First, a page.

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BUSINESS
April 23, 2007 | Walter Hamilton, Times Staff Writer
Judging from the crowded tables at the Hawaiian Tropic Zone in Times Square, it's hard to believe that some people are fretting about the future of Wall Street. The restaurant, where bikini-clad waitresses serve grass-fed veal chops and white peach Bellini cocktails, counts on free-spending bankers and traders for 20% of its business. "They definitely spend a lot of money, more than the tourists," said waitress Katherine Mesa. "The Wall Street guys are used to money."
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BUSINESS
March 31, 2007 | From the Associated Press
A federal appeals court Friday overturned a rule that allowed securities brokers to avoid some requirements faced by financial planners in advising customers, saying both groups must be held to the same standards to protect investors. The 2-1 ruling by the U.S. Court of Appeals for the District of Columbia Circuit held that the Securities and Exchange Commission had overstepped its authority in adopting the rule in 2005. The Financial Planning Assn.
BUSINESS
March 12, 2007 | Walter Hamilton, Times Staff Writer
Congress should revamp securities regulation, shield accounting firms from litigation and take other steps to bolster American financial competitiveness, according to a new report from the U.S. Chamber of Commerce. Echoing other recent studies by business and political groups, the report to be released today by a chamber-appointed commission says that U.S.
BUSINESS
January 22, 2007 | From the Associated Press
An effort to consolidate industry self-regulation of U.S. securities brokers and dealers moved a step closer Sunday, the NASD said. Members of the NASD, formerly known as the National Assn. of Securities Dealers, approved bylaw changes needed to combine with NYSE Group Inc. and form one organization to regulate securities brokers and dealers. Consolidating the self-regulatory functions of the NASD and NYSE Group into one entity will help end duplication, reduce costs and make U.S.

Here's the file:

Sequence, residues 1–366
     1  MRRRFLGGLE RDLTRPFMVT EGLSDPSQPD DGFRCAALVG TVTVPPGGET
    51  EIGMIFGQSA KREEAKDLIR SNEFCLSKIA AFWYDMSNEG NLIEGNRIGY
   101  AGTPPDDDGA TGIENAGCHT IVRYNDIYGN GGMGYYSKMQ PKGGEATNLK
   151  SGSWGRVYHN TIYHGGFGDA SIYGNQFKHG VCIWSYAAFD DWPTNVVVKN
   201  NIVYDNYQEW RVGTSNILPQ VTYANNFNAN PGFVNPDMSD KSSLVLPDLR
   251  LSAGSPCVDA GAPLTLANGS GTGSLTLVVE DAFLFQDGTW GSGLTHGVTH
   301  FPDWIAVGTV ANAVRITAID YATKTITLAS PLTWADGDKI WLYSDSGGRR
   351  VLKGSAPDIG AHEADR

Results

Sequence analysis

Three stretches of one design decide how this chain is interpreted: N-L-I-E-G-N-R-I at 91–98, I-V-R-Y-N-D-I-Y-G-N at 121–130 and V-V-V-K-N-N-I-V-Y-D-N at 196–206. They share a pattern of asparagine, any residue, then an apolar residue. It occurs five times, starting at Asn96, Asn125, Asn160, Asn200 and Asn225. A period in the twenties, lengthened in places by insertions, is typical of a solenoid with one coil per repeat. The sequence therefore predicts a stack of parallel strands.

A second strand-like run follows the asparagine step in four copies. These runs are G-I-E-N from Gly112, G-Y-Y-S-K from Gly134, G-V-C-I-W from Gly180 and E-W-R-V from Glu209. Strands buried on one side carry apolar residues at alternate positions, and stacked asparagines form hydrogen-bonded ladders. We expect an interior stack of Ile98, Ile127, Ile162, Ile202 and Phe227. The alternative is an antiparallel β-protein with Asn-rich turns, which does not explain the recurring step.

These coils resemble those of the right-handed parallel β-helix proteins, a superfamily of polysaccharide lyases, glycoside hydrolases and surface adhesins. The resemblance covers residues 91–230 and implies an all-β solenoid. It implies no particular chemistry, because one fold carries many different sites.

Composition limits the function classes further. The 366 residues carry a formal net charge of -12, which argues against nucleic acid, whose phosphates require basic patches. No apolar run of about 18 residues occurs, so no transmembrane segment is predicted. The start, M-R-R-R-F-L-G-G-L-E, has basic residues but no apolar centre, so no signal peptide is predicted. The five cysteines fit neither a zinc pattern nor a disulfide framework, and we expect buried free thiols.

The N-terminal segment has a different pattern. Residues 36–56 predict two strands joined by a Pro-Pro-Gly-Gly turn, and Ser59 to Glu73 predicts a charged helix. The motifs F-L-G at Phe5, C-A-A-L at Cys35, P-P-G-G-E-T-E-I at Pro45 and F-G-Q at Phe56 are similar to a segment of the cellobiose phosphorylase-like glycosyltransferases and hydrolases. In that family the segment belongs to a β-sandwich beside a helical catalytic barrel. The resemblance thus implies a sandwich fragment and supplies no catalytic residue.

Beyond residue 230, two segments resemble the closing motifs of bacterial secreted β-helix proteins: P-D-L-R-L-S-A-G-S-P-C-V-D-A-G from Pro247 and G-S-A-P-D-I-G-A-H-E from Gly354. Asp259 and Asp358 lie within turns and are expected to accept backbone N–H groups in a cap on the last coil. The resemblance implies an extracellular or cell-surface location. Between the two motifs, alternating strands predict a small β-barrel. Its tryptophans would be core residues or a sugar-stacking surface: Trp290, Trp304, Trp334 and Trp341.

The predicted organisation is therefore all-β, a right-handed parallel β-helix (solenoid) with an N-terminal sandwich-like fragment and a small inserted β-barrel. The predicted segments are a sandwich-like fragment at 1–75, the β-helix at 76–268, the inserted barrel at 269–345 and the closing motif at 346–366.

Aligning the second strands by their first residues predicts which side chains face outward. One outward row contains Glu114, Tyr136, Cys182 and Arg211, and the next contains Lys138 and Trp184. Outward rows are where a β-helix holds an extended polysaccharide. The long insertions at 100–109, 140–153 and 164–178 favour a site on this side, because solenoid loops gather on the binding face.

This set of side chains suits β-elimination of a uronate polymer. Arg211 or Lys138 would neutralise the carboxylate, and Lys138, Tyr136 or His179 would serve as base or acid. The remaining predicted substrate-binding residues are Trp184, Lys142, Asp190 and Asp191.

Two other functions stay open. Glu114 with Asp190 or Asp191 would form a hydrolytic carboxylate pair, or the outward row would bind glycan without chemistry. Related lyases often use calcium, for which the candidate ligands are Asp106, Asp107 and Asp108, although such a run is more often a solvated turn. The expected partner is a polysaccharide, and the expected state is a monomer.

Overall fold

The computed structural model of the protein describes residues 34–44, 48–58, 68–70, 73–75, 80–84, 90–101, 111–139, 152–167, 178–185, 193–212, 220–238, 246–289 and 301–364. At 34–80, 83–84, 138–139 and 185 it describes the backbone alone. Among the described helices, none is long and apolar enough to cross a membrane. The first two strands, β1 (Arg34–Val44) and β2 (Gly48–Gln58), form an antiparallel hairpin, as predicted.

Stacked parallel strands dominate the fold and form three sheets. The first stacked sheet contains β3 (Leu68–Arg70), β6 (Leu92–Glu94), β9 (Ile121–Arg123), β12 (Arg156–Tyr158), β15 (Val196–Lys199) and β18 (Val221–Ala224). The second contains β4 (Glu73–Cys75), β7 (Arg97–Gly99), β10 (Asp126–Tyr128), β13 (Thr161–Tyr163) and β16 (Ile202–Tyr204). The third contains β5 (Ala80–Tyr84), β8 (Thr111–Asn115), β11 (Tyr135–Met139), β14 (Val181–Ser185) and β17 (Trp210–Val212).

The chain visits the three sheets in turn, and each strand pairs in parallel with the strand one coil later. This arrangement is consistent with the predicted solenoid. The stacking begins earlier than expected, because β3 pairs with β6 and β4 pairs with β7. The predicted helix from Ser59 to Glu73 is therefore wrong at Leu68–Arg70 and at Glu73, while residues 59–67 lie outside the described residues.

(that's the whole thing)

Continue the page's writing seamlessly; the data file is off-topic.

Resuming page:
BUSINESS
November 29, 2006 | Walter Hamilton, Times Staff Writer
Wall Street is getting a new top cop. In a big win for the securities industry, the two organizations that police stockbrokers and others in the industry have agreed to form a single self-regulatory body. The change is expected to cut costs for the financial industry, but some consumer advocates fear it could mean that abuses will go undetected. Under the plan announced Tuesday, regulators at NYSE Group Inc. and the NASD (formerly the National Assn.
BUSINESS
October 12, 2006 | Walter Hamilton, Times Staff Writer
Shares of online brokerage firms sank Wednesday after Bank of America Corp. said it would offer free Internet stock trades to many of its banking customers. Clients with at least $25,000 in deposits will get up to 30 free trades a month, the bank said. Launched Wednesday in the Northeast, the program will be expanded across the country and is expected to be available to California customers by February.
BUSINESS
June 27, 2006 | From Bloomberg News
Merrill Lynch & Co., Morgan Stanley and Lehman Bros. Holdings Inc., three of the world's biggest securities firms, sued website The Fly on the Wall on Monday, claiming that it "pirated" their stock research. The copyright infringement lawsuit, filed in U.S. District Court in New York, said the site "systematically and impermissibly accesses" the firms' proprietary equity research, "free riding" on their work without conducting any of its own.
BUSINESS
June 26, 2006 | Henry Chu, Times Staff Writer
Anyone tracking the Bombay Stock Exchange these days would be forgiven an attack of motion sickness. The Sensex, India's premier index, has swung wildly since May, climbing to vertiginous heights, dropping like a stone, then swooping up and down as investors attempt to catch their breath and regain some equilibrium. Now, judging by their performance of the last few days, Indian stocks may be evening out, give or take a wobble or two.
BUSINESS
June 2, 2006 | Tom Petruno, Times Staff Writer
A state judge has thrown out California's fraud lawsuit against brokerage firm Edward Jones & Co., in another defeat for Atty. Gen. Bill Lockyer's attempt to assert authority over mutual fund sales practices. Superior Court Judge Loren McMaster in Sacramento dismissed Lockyer's 17-month-old suit against St. Louis-based Jones last week, ruling that California's case conflicts with a federal law that gives U.S. regulators sole authority to set securities-industry disclosure rules.
BUSINESS
May 24, 2006 | From Dow Jones/the Associated Press
Citigroup's Smith Barney brokerage unit has agreed to pay $98 million to settle claims on behalf of thousands of current and former brokers who said they were owed overtime pay and other reimbursements. The proposed settlement is the latest and largest by securities firms that claimed brokers were exempt from state and federal overtime laws because they are salaried, administrative employees.
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